The Belt and Road Initiatives Soft Power Strategy: Global Tax & Trade Reform

Posted by Written by

Op/Ed by Chris Devonshire-Ellis 

China this year has placed its Belt and Road Initiative at the very heart of its Foreign Policy in updating its Foreign Aid Programme, re-stating it is a core pillar of its foreign trade for 2021.

This comes after years of media criticism about China’s intentions, mostly concerning the imposition of debt traps and sovereignty issues riding over the trade benefits that the infrastructure build has given. These can now be discounted, with venerable institutions such as Chatham House stating that there was in fact, no evidence of debt trap burdens being placed on other nations because of China’s lending.

China has signed off the recent Regional Comprehensive Economic Partnership (RCEP) agreement, which includes all ten ASEAN nations as well as Australia, New Zealand, Japan, and South Korea. This brings benefits to foreign investors in China, an issue we discussed in the article RCEP FTA Signed, What Can Foreign Investors in China Expect?

ASEAN includes Brunei, Cambodia, Indonesia, Laos, Malaysia, Myanmar, Philippines, Singapore, Thailand and Vietnam.

ASEAN’s collective GDP in 2019 was about US$9.34 trillion, and is a market of about 135 million middle class consumers (24% of the total population). This is expected to double in size in the next decade, and is one of the global trade development drivers. ASEAN nations meanwhile, apart from enjoying Free Trade amongst themselves, also have Free Trade Agreements in place with China, India, Australia, New Zealand, Japan, and South Korea.

While Singapore is a wealthy market and a prime position for global financial services and products, acting as the de facto financial capital for ASEAN, the Vietnam market now provides opportunities for manufacturing companies who may wish to have an alternative to China, and especially in export manufacturing to service China itself, India, the other ASEAN nations, and now the EU. Vietnam signed off an Agreement with the European Union which came into effect from August 1 last year.

Russia like China has diminished in global political stature in recent years, but that doesn’t mean to say it is totally off limits, and it remains a significant market in its own right. Sanctions mostly affect either specific individuals or Russia’s Oil & Gas sector, while Russia is itself the lead nation of the Eurasian Economic Union (EAEU), which also includes Armenia, Belarus, Kazakhstan, and Kyrgyzstan. Collectively, the EAEU is a market of about 176 million people with a combined GDP of about US$5 trillion.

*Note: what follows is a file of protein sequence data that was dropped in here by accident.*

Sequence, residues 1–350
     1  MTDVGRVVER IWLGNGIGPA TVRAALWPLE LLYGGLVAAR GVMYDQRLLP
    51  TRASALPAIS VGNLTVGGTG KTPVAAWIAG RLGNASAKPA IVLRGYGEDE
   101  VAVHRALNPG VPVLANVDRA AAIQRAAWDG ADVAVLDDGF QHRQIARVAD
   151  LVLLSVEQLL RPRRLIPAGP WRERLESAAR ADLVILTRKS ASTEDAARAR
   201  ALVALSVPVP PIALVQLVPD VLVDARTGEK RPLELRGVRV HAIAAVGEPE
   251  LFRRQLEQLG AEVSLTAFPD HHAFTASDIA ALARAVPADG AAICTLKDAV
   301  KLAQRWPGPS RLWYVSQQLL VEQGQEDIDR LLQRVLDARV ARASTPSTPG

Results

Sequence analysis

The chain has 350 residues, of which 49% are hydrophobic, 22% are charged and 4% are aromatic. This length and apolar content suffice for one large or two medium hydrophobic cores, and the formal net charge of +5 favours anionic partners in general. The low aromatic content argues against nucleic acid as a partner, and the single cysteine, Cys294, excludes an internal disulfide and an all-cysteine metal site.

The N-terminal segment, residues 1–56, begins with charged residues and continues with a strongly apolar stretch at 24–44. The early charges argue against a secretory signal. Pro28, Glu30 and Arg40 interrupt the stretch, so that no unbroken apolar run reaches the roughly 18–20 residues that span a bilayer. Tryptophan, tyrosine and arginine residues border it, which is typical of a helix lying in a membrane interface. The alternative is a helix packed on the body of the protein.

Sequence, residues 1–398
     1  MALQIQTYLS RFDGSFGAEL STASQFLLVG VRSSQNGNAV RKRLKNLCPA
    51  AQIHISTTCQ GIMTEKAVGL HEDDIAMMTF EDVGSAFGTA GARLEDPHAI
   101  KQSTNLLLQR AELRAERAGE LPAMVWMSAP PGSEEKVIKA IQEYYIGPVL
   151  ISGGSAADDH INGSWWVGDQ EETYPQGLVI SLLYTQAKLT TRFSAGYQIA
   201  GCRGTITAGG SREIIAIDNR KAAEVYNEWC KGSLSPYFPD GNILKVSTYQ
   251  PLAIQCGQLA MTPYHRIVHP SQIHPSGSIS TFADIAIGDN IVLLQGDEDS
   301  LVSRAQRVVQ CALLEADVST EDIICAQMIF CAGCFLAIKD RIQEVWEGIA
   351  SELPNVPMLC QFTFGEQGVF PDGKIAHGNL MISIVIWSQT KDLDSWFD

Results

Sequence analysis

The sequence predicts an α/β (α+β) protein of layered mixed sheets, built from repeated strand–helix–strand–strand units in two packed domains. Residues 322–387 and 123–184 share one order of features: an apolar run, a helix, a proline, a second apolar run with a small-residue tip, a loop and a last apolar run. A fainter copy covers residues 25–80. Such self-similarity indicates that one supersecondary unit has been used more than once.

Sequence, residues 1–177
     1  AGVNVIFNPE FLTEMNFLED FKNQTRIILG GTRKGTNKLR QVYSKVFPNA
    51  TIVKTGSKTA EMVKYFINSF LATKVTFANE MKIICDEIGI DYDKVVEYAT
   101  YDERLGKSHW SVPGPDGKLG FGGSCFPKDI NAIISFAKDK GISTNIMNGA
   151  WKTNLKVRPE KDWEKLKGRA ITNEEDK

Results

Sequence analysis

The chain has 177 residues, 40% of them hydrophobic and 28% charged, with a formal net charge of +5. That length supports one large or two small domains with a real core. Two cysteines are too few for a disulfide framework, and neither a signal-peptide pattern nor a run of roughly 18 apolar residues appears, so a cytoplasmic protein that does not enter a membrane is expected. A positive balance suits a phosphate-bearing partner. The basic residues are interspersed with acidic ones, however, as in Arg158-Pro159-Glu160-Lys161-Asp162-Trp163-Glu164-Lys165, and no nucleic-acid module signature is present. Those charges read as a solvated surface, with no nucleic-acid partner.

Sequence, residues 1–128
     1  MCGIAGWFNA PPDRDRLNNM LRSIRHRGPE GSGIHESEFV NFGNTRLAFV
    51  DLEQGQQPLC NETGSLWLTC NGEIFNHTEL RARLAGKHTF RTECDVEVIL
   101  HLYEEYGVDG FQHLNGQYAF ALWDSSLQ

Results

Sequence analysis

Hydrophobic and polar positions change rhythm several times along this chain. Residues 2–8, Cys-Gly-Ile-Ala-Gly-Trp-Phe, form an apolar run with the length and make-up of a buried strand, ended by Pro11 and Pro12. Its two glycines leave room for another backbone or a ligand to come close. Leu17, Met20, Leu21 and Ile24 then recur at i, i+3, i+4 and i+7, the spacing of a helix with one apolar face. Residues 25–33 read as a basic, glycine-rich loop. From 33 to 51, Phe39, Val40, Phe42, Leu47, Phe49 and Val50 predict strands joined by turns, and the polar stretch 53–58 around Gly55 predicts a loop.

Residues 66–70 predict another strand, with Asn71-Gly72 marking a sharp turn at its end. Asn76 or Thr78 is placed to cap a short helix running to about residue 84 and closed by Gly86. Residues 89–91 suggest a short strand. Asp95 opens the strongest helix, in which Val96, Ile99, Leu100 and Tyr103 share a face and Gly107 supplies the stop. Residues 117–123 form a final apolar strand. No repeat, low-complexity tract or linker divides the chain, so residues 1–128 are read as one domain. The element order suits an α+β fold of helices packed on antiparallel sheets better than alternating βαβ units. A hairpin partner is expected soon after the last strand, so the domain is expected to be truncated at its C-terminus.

What is interesting about the EAEU is that it has Free Trade Agreements with Singapore and Vietnam, in addition to SerbiaIran and China. The latter is currently non-preferential; however, tariff negotiations are underway with progress expected during 2021. Russia-China trade is expected to double from now to 2024, hitting about US$200 billion. The EAEU is also currently negotiating an FTA with India, with signs that this is also expected to be completed this year. Russia’s proximity to China should also be of interest; a subject I explored in the article Opportunities For Businesses In the Russian Far East.

The Belt & Roads Developing Tax Incentives For Trade

The reason why I illustrate the situations between China and ASEAN and Russia is because although the Belt & Road Initiative is often regarded as an infrastructure ploy, is that it is additionally supported by tax and trade incentives. In the case of ASEAN, the recent RCEP deal adds additional detail to China’s existing Free Trade Agreement with ASEAN, which came into effect a decade earlier. In Russia’s case, we are likely to see tariff reductions included in negotiations between China and the Eurasian Economic Union. We can also point to the behavior of China when it comes to Africa.

China was instrumental in putting together and encouraging the African Continental Free Trade Agreement (AfCFTA) which entered into force on January 1 this year. That deal unites a US$3.4 trillion market and eliminates tariffs on 90% of all goods traded within it – a massive boom for African sourcing and consolidation.

But China has laid groundwork elsewhere too, in signing off a Free Trade Agreement with Mauritius that came into effect the same day as AfCFTA. Mauritius has long been a quasi offshore financial and trade services consolidation island off the East African coast and is itself part of AfCFTA. China has suddenly added an African version of Hong Kong into the mix.

Then there are China’s inroads with additional African Treaties, Double Tax Agreements and even building of Special Economic Zones. Take a look at the maps below:

These structures are also being put in place across the Belt and Road Initiative. I previously discussed China’s Free Trade Agreements Along The Belt & Road Initiative China’s Free Trade Agreements Along The Maritime Silk Road and Free Trade Zones Linking China, Russia and Europe .

Russia too, is building its own Free Trade structures across Africa and Asia, has a huge network of them stretching across Russia from China to Europe and has the Trans-Siberian rail infrastructure to deliver along those routes.

It is clear that the soft power that is being developed along the Belt and Road Initiative is also being put in place and is concentrating of a new era of reduced tariffs and taxes while also putting in place investment incentives. Sri Lanka’s Free Trade Zone at Hambantota is offering profits tax at zero rates for ten years to secure foreign investment. It is a similar story in many other areas too – from Pakistan and Iran through to Hainan and Karnataka where Elon Musk’s Tesla are busy installing a factory for manufacturing electric vehicles.